For investors bargain hunting in the beleaguered sector, industry analysts recommend a relatively simple formula: Seek out companies that have low debt, that are growing their omnichannel presence (the term that is used to describe retailers’ ability to serve customers either in-person or online), and that didn’t expand too fast during the mall boom of the 1990s and 2000s.

By these measures, Seattle-based Nordstrom looks competitive (despite its setback at the Florida Mall). It’s one of the few retailers still growing store count, through its off-price brand Nordstrom Rack, which is helping it reach discount-conscious shoppers. The chain currently has 117 full-size stores and 216 Rack stores. Nordstrom has also aggressively invested in online shopping: E commerce now accounts for more than 20% of sales companywide, giving Nordstrom an “opportunity for a future,” says Dreher. The stock has fallen 21% in the past year, after a failed attempt by the founding family to take the chain private. But at 15 times its estimated earnings for next year, it’s trading at an attractive discount.

The stumbles of department stores are creating openings for the giants that anchor strip malls. Five years ago, investors weren’t sure electronics retailer Best Buy would survive. But after cutting prices, beefing up its omnichannel presence, and reducing expenses, it has become an investor darling. Although its growing reliance on e commerce has eaten into margins, its stock is up 75% over the past three years. Best Buy offers a “good blueprint” for other struggling retailers, says Citi analyst Kate McShane. It recently laid out plans to increase revenues 9% over four years—which counts as a robust pace in bricks and mortar. And its price-to-2018-earnings ratio remains 29% below the S&P 500’s.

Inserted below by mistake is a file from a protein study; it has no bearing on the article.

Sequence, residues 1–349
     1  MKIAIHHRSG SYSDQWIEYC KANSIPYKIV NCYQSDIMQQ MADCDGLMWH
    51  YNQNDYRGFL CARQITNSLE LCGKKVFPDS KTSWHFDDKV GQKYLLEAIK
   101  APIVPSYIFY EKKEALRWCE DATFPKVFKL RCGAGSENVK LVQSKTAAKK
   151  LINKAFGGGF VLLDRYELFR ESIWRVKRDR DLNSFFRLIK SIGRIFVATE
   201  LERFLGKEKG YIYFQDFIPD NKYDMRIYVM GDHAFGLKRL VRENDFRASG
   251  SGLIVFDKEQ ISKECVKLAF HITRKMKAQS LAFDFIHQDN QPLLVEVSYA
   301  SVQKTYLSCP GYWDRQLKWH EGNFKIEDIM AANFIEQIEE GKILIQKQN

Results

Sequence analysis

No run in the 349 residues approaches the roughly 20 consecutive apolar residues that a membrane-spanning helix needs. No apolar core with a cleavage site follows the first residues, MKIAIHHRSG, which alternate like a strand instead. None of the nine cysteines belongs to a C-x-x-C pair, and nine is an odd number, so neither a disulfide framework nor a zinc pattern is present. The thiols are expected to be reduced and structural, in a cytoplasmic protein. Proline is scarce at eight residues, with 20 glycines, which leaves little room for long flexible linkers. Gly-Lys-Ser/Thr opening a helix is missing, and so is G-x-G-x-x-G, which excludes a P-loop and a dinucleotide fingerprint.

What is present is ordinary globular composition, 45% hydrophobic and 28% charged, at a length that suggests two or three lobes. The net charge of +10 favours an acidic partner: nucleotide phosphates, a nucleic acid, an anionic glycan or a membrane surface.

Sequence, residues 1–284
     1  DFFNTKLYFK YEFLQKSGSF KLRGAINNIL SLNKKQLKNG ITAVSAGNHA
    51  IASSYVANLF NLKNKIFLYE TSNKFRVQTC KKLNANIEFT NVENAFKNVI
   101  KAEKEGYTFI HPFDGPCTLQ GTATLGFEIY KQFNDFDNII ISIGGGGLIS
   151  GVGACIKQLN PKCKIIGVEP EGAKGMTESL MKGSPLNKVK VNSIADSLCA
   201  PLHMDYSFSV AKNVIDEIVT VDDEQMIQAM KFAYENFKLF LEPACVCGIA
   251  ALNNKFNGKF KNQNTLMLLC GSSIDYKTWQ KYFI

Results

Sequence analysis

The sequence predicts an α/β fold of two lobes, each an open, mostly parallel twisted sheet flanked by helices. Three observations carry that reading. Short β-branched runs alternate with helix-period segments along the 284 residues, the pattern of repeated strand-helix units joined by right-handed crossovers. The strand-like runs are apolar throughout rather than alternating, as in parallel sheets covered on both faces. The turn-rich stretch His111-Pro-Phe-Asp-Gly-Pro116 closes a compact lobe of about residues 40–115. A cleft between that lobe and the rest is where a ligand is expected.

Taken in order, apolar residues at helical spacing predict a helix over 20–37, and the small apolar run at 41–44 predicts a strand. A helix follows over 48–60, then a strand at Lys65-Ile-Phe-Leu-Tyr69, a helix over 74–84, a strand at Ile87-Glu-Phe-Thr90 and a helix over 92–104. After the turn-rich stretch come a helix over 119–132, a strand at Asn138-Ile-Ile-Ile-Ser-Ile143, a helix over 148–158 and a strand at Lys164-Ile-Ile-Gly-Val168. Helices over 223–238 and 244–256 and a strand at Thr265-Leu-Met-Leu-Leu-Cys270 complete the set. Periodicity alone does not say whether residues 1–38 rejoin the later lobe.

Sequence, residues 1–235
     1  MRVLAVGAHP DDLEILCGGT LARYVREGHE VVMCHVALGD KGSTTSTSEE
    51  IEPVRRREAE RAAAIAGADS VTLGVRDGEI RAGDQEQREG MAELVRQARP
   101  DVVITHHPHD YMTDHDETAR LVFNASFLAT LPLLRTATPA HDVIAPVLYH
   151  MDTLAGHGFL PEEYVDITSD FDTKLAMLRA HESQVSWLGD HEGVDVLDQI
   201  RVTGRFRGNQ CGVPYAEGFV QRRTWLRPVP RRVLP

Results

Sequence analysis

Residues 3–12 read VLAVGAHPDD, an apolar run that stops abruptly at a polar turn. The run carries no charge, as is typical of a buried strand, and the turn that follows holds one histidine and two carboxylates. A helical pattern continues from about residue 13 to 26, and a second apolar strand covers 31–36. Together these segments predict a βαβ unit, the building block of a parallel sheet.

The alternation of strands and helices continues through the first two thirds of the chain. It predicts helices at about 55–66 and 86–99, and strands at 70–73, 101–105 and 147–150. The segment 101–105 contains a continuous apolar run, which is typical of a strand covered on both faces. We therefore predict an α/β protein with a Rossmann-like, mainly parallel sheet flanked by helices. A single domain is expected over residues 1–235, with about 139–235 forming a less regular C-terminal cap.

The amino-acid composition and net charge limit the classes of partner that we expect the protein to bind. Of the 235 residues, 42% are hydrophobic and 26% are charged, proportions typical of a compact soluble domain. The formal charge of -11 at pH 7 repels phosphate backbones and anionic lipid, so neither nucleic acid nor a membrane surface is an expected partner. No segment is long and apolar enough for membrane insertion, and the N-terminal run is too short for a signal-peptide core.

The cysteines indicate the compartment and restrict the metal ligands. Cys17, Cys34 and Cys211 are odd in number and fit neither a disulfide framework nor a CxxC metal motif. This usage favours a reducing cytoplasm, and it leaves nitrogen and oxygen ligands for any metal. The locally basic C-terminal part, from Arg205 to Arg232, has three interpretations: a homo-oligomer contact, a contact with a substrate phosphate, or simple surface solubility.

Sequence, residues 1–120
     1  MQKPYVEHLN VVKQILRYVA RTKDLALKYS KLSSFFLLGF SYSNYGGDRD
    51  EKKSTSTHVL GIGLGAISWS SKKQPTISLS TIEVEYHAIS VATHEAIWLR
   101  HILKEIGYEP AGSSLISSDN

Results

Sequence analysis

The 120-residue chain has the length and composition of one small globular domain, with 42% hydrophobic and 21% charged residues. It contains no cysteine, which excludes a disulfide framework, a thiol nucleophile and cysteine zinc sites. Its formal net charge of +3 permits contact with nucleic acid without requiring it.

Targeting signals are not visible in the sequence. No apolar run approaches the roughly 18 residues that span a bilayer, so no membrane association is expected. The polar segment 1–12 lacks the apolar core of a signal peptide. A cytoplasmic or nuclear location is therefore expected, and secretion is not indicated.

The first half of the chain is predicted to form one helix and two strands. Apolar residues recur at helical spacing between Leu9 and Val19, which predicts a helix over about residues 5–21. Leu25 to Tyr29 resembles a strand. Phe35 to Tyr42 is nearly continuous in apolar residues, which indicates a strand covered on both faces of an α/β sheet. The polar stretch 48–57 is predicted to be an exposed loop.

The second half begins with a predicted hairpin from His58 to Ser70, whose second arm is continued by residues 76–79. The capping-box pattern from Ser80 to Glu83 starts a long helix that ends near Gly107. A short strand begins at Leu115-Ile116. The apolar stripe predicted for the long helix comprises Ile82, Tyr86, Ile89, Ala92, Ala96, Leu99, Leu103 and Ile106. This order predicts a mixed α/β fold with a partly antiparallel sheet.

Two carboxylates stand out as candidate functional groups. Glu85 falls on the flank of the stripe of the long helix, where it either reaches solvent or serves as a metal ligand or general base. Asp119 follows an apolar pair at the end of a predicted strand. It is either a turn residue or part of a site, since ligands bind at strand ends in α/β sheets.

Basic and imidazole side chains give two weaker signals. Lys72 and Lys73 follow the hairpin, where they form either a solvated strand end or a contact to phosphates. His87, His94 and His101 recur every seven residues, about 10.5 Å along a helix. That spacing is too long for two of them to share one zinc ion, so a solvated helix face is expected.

Target has looked sluggish compared with Walmart, in part because of its slow growth in fresh groceries. But its online sales have risen nearly 30% annually over the past two years. Targethas also been focusing on wooing the customers nearby malls lose. It’s remodeling stores and building smaller, easily navigable shops in densely populated neighborhoods, and it has scored wins with in-house brands like kids’ clothing line Cat & Jack. McShane says she’s waiting to see store traffic grow at a steady, sustainable pace before buying in, but she sees Target making the right moves for the new retail era. “They’re very focused on being the right omnichannel retailer for their customers,” she says.

A version of this article appears in the Jan. 1, 2018 issue of Fortune with the headline “Filling Retail’s Empty Spaces.”